Born:Stockholm on the 11th of July 1925
Died: 8 January 2017
The complete international tenor is surely the Swede, Nicolai Gedda. Born in Stockholm on the 11th of July 1925.
Born of a Russian father Ustinov, and a Swedish mother Gedda, his early musical experiences were in Leipzig. Where his father served as choirmaster of the Russian orthodox church for six years.
Before moving back to Sweden in 1934, on the advent of Adolf Hitler to power.
With such a background, he quickly developed a fluency in several languages, so that by the time he came to record, he could sing in English and Spanish. As well as the singers in basic trinity of Italian, German, and French and his own native Swedish and Russian.
His repertoire of over 70 roles displays a staggering variety of parts, Russian, French, Italian, German, all came easily to this artist.
And they range from the days of Rooney to Samuel Barber and Yan Carlo Menotti.
He was outstanding in both operetta and oratorial. And sang the songs of Richard Strauss, Fore, Rachmaninov, Respighi, Terina etc with equal mastery.
So, where to begin with such a singer?
Well, why not at his debut at the royal Stockholm opera in 1952.
That was of course, from Adam’s opera, Les Postillions de Longjumeau, and needless to say, Gedda was an instant success.
After finishing high school, he had begun a career in banking, before daring to approach a friendly customer, who was a player in the opera’s orchestra.
Call on Karl Ullman, (heard earlier in our survey by the way), and let him hear your voice, he is the best teacher in Sweden, was the advice given.
Ullman accepted him at once and secured a place for him at the Royal Conservatory.
As luck would have it, EMI were looking for a Russian speaking tenor, to sing the role of Dimitri, in their new recording of Boris Godunov with Boris Cristo.
Having heard of Gedda’s spectacularly successful debut, they sent over their top man, the celebrated Walter Legg, to hear the new sensation.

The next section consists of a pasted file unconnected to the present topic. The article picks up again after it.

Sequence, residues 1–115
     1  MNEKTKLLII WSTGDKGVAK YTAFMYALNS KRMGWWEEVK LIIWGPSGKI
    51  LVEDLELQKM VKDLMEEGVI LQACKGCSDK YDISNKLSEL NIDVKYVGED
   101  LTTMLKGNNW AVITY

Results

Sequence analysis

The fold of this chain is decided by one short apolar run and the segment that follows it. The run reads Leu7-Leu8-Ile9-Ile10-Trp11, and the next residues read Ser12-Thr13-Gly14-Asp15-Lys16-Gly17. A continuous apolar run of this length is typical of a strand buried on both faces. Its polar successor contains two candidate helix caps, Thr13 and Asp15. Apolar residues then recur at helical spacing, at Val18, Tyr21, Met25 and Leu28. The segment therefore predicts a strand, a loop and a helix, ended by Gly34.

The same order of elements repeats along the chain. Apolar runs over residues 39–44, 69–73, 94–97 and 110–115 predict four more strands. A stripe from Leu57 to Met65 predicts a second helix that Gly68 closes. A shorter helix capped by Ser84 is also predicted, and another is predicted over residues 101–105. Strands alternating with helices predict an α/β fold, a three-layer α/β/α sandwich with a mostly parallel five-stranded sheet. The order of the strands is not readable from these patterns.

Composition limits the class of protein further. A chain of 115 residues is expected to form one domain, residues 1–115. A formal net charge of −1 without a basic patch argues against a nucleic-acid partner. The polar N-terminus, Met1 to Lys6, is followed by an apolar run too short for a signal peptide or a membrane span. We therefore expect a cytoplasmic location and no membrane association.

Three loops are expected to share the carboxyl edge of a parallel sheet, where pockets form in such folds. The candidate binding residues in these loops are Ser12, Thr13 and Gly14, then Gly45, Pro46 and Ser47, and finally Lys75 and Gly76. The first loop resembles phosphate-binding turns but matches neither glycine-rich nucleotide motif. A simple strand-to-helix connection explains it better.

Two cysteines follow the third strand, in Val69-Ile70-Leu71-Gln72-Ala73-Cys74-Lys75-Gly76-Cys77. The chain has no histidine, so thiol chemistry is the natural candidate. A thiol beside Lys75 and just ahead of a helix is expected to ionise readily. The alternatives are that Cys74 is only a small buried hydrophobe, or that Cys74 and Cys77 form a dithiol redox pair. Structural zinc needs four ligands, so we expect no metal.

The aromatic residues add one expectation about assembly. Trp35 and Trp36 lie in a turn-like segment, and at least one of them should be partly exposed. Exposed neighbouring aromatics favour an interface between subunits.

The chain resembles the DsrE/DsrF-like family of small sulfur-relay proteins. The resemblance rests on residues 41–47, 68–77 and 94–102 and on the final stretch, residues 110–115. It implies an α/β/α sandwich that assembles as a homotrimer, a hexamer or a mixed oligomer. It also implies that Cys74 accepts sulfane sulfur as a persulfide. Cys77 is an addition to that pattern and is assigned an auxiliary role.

Not only did Legg sign him up, for the Boris Godunov recording, but he sent off two telegrams that evening.
One to the intendant of La Scala and one to Herbert von Carrian. They read. “Just heard the greatest Mozart singer in my life”.
His name is Nicolai Gedda.
With such a recommendation, Gedda was quickly signed up by Von Carrigan for his recording of Bach’s D Minor mass, and also made his debut at la Scala in Don Giovanni.
In 1954, he secured a three-year contract at the Paris opera. And later that same year, he made his debut at Covent Garden in Verdi’s Rigoletto.
Thus, within two years of his debut in Stockholm, Gedda had embarked on a fully fledged international career.
He made his Salzburg festival debut in 1957, and that same year, his American debut, as Faust, firstly at Pittsburgh and then triumphantly at the Metropolitan Opera.
Three months later in January 1958, he sang the tenor lead, in the world premiere of Samuel Barber’s, Vanessa.
His impact at the metropolitan was such, that he was invited back several times every season for the next 20 years.
For my next choice, I have selected an aria from one of Gedda’s favourite French roles, Pelini in Berlioz’s rarely performed opera, Benvenuto Cellini. Which he first sang at the Holland Festival in 1961, then in Geneva in 1964, and in the new production at Covent Garden in 1966, which was subsequently revised in 1969, and taken to la Scala for its bi-centenary celebrations in 1976.
Accused of abduction and murder by Rome, Cellini has been told that unless his statue of Parses is cast within the day, his life is forfeit.